To enable aggressive lithography scaling for pitches less than 80nm using 193i illumination, TSMC introduced mask data decomposition (“coloring”) at the N20 node.  Double and quad multipatterning (SADP or 2P2E, and SAQP) have enabled further scaling.   Inverse lithography technology (ILT) algorithms, as part of a source-mask optimization (SMO) mask data preparation methodology, was also deployed.   13.5nm EUV lithography was introduced for N7+, as mentioned above.  To enable further scaling, EUV multipatterning (2P2E) is required.

TSMC showed lithographic patterning/etch in support of an 18nm interconnect pitch.

18nm pitch

  • high NA EUV

The numerical aperture of a lithography system defines the resolution capability, a function of the cone of light captured  and the refractive index of the entire lens system.  The resolution is inversely proportional to the NA.  TSMC is working closely with ASML on the next generation of “high NA” EUV equipment and corresponding resist technology, to enable finer resolution in future nodes.

  • GAA nanosheets

TSMC highlighted their R&D efforts to implement gate all-around nanosheets, as a FinFET replacement.

The N3 process definition starts with a conventional FinFET device.  (To achieve increased performance and fin pitch, the fin height and aspect ratio for N3 will need to be improved.)

As has been the case for TSMC node transitions, adhering to the roadmap schedule has been a paramount priority.  Y.J. Mii said, “After carefully evaluating customer needs and technology maturity, N3 continues to use FinFET devices.  Our R&D team has extensive experience with nanowire and nanosheet technology, and have demonstrated 32Mb SRAM testsite yield.  We will have the technology options for each new node ready in advance – the right technology at the right time.”  It will be interesting to see how GAA device architectures evolve.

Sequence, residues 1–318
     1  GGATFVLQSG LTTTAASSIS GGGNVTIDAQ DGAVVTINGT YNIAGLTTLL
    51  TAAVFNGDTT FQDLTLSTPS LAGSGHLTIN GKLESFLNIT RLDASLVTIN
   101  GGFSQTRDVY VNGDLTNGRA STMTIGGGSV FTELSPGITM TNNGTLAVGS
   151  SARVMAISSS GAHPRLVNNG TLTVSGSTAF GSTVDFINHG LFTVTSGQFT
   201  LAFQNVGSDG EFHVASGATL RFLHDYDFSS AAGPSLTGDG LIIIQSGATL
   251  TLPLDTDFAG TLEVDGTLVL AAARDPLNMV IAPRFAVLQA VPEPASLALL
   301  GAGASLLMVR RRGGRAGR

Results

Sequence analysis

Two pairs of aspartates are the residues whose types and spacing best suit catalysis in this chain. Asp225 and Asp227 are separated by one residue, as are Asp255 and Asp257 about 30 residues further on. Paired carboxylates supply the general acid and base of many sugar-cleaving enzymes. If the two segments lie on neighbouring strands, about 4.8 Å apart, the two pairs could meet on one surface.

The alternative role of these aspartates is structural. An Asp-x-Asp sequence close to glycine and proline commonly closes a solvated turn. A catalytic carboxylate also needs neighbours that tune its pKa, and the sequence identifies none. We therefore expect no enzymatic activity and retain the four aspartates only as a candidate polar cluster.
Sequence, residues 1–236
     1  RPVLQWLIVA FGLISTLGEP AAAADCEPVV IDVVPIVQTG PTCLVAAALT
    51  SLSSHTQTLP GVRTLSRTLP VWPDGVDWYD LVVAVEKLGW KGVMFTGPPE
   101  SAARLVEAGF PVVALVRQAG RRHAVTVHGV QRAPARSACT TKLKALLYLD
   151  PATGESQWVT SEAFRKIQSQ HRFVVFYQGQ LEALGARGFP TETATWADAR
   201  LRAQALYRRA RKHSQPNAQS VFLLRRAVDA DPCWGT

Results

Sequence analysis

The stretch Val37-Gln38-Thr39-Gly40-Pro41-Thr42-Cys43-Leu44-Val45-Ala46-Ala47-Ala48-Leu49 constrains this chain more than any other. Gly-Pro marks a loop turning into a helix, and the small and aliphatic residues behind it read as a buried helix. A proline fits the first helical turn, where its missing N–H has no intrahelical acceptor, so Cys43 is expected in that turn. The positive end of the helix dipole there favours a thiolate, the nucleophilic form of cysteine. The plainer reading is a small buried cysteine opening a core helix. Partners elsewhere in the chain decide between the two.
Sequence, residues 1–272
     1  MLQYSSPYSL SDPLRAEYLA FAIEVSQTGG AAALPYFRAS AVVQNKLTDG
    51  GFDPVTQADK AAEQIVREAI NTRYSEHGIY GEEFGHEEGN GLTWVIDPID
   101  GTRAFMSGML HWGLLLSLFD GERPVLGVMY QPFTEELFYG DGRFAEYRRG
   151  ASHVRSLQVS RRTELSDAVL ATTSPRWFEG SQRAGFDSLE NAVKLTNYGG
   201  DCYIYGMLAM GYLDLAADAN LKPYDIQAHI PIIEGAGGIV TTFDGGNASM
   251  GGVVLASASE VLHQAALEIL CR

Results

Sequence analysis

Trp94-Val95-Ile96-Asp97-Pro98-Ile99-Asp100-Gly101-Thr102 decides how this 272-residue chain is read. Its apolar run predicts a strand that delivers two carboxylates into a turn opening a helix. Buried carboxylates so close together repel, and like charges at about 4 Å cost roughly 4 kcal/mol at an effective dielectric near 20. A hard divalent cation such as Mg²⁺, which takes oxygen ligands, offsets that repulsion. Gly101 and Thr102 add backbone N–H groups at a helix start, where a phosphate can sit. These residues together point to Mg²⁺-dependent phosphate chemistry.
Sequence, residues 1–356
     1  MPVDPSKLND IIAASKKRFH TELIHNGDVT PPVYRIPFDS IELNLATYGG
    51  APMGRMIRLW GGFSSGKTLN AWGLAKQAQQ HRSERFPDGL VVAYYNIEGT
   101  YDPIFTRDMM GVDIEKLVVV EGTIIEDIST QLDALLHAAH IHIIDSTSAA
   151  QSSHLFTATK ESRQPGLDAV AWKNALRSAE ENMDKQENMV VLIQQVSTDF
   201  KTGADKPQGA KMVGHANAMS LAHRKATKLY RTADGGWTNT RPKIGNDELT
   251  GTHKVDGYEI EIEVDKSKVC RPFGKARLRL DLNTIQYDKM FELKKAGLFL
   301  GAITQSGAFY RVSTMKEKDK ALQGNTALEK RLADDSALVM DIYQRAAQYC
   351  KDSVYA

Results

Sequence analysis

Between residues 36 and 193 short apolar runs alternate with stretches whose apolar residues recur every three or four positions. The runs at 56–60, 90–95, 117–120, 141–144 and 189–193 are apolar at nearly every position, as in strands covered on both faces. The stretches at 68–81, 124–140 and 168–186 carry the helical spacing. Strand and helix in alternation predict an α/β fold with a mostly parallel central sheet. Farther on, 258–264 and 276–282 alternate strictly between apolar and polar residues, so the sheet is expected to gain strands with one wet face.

• unique “2D” device semiconducting channel material

TSMC referred to a technical paper published earlier this year, showing promising results for a replacement to the Si (or SiGe) FinFET device.  Semiconducting “monolayers” of MoS2 serve as the (planar) field-effect device channel, offering improved carrier mobility.  (Reference:  A.S. Chou, et al., VLSI Symposium 2020).

The figure below illustrates a single monolayer of MoS2, the HfO2 gate dielectric, and either a (large area) Si or a local Pt “back gate” device structure.  The device drive current and Ion/Ioff ratio shows great promise – reducing the contact resistance (Rc) from the S/D metal to the semiconducting layer is a key process development challenge.

MoS2 device

  • carbon nanotubes

TSMC also referred to a recently published paper illustrating the implementation of a deposited layer of carbon nanotubes (CNT) for a unique application.  The nanotubes were incorporated as part of the (low temperature-restricted) back-end-of-line flow in N28, with patterning of gate and source/drain metallization.  The specific application for which these devices are targeted is for the logic circuit power-gating “header”.  (Reference:  Cheng, et al, IEDM, 2019, paper 19.2)

CNT headers

Current power-gating implementations utilize multiple silicon devices (low R) connected between the “always on” and switched power rails connected to the block logic.  These designs require unique block-level physical design, specific cell library images, and modified (global/local) power distribution networks, adversely impacting areal circuit density and routability.  A semiconducting CNT power gating circuit could offer a significant PPA boost – ongoing focus on reducing the overall series “on” resistance will be key.

As an aside, it is perhaps unwise to read too much into the R&D part of the Symposium presentations, in terms of what was and was not mentioned for post-N3 architectures.  Nevertheless, the following options being widely investigated within the semiconductor industry were not discussed:  negative-capacitance FETs (NC-FETs, integrating ferroelectric materials), vertical nanowires (VNW), tunnel FETs, or N3XT (“full 3D” die integration of logic, memory, and NVM).

Look for subsequent articles highlighting TSMC packaging technology and design enablement presentations to follow.


Highlights of the TSMC Technology Symposium – Part 2

Highlights of the TSMC Technology Symposium – Part 3